Federal officials scrambled Saturday to contain a spreading environmental disaster that began after a million gallons of contaminated water spilled from an old gold mine, flooding the Animas River and threatening crucial waterways throughout the Southwest.
The accident, caused by the Environmental Protection Agency during a cleanup operation Wednesday, triggered a toxic plume turning the beloved, crystal clear Animas the color of mustard. Some residents reportedly wept as officials shut down the river and urged people to conserve drinking water.
The fluorescent sludge, moving at 5 mph, kept going, reaching Farmington and Aztec, N.M., on Saturday as it headed for the San Juan River, Lake Powell and the Colorado River.
Portable labs for testing well water are being rushed to the Farmington area as residents, farmers and others nervously wait for answers on whether the water is safe for them and their livestock.
Unfortunately, answers were few.
In a conference call with reporters, regional heads of the EPA said the amount of water rushing from the defunct Gold King Mine, above the town of Silverton, had decreased from 740 gallons per minute to 548 gallons. And it’s now being collected in a settling pond and treated to make it less toxic.
Still, the officials said they have no idea how much water remained in the mine.
The mine water contains heavy metals, such as arsenic, lead, cadmium, aluminum and copper. Pressed on whether the river water now contains arsenic, the officials said laboratory testing wouldn’t be done for another 24 hours.
“The EPA has recognized the significance of this event and we are responding accordingly,” said Shaun McGrath, regional EPA administrator for Colorado. “Hopefully, we will get the results soon so we can understand the impact on agriculture, stock water, swimming, boating and human contact.”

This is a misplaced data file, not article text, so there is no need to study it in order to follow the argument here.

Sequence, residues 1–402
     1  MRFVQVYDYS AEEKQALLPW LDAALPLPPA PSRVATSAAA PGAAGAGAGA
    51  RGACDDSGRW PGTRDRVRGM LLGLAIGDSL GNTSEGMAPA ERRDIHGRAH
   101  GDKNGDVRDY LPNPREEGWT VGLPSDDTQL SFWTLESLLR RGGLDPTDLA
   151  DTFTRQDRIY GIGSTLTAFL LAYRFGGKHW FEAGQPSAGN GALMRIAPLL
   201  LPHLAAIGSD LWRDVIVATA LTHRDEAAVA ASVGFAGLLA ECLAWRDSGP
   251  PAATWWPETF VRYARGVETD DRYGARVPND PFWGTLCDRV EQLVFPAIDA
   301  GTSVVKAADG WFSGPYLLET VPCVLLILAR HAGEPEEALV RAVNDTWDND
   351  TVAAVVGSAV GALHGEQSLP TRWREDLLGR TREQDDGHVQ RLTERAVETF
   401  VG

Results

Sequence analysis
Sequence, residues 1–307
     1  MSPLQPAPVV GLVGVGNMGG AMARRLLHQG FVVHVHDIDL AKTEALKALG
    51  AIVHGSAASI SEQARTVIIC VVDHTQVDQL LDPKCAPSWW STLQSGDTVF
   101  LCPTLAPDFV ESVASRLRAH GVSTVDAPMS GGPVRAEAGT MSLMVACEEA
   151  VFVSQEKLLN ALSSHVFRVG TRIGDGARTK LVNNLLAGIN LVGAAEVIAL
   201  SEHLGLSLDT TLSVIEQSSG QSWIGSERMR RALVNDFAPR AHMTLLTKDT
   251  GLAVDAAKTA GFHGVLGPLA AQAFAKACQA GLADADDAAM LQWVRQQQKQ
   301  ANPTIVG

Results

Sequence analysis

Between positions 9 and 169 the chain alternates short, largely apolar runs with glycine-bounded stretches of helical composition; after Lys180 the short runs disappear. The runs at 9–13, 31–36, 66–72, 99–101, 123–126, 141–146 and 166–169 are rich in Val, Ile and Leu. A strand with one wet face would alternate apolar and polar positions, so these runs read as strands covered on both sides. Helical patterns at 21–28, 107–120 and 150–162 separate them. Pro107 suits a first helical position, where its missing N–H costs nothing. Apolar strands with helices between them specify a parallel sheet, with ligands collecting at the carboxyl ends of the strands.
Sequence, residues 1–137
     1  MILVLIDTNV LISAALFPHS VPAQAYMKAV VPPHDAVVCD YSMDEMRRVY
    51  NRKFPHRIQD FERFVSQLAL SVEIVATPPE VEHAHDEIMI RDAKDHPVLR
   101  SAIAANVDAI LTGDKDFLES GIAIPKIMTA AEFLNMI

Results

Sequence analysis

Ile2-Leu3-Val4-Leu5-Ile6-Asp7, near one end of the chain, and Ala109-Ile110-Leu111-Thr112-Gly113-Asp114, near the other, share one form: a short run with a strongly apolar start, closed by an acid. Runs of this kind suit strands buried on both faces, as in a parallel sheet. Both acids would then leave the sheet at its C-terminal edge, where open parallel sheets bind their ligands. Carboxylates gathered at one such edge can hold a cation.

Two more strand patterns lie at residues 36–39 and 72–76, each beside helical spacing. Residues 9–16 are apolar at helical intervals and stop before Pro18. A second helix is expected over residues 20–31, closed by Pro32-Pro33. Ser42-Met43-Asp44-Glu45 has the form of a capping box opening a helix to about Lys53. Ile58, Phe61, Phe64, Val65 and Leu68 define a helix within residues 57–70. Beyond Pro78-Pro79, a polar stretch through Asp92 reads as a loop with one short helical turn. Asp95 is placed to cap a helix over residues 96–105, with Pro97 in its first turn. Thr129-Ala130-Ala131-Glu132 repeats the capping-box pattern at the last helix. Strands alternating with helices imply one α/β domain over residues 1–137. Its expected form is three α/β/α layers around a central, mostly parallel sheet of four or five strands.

He said the spill will have long-term effects as the heavy metals settle on the river bottom, then are stirred up by rain and runoff.
“We will have to do long-term monitoring and probably more closures in the future,” he said.
The accident happened Wednesday as the EPA was overseeing a cleanup crew trying to drain water from the mine into a series of holding ponds. The water surged, overwhelming the team and flooding into Cement Creek, which carried it to the Animas River, a primary source of drinking water for Durango.
In a public meeting Friday, David Ostrander, EPA’s director of emergency preparedness for the region, was contrite.
“I’m very sorry,” he told the crowd. “This is a huge tragedy.”
No one knows that better than the people of Durango, a beautiful little town framed by mountains and the once handsome 126-mile-long Animas, famed for its trout and wild rapids.
But on Saturday the usually bustling river was empty, the water a sickly yellow. No rafters, no swimmers and no one fishing for cutthroat trout. Kayaks and big red inflatable rafts sat useless in parking lots. Companies that run river tours canceled hundreds of reservations during what should be their busiest month.
“We are estimating $150,000 in lost revenue this month,” said Alex Mickel, owner of Mild to Wild, the biggest rafting company in Durango. “The EPA failed to follow their own procedures — they admitted it. Now they need to help out the community economically.”
At Riverfront Park, sadness and anger hung in the air.
“There is usually wave after wave of people floating past, but today nothing,” said Sairi Dwyer, 32, watching the yellow water roll past. “The EPA causes all of this and then they say, ‘Oh well’ and nothing happens. If you or I did this or anything close we’d be in jail.”
Downriver in Aztec, N.M., Shari Hare, who owns the Ruins Road RV Park with her husband, David, said that she had expected the plume of toxic chemicals to come downstream from Colorado, but was still taken aback by the yellow water she saw Saturday morning.
“I was shocked when I actually saw how bad it was,” said Hare, who speculated that the spill would harm tourism in the area for the rest of the summer. “This is very disheartening to the citizens of Aztec, N.M., and Durango, Colo.”
She worries that residents could be told to cut back on their water usage, which would harm her vegetable garden. She also worries about wildlife.
“The deer, geese, fox and raccoons have become somewhat like pets here,” she said.
The plume has changed color as it has advanced, fading somewhat from the bright yellow seen in Durango immediately after the spill.
“It’s kind of a, like a … I don’t know how to explain the color,” said Jason Yazzie, a student at San Juan College in Farmington. “It looks really really different. It’s really light brown.”
Jared L. McComas, a bartender in Farmington, said that he goes to the river almost every day. He was shocked by what he saw Saturday.
“It looks awful, it looks disgusting. I wouldn’t stay anywhere near the river,” he said. “Every one of my customers that comes in, I tell them not to go.”
Kelly is a special correspondent.
Times staff writer Natalie Schachar in Los Angeles contributed to this report.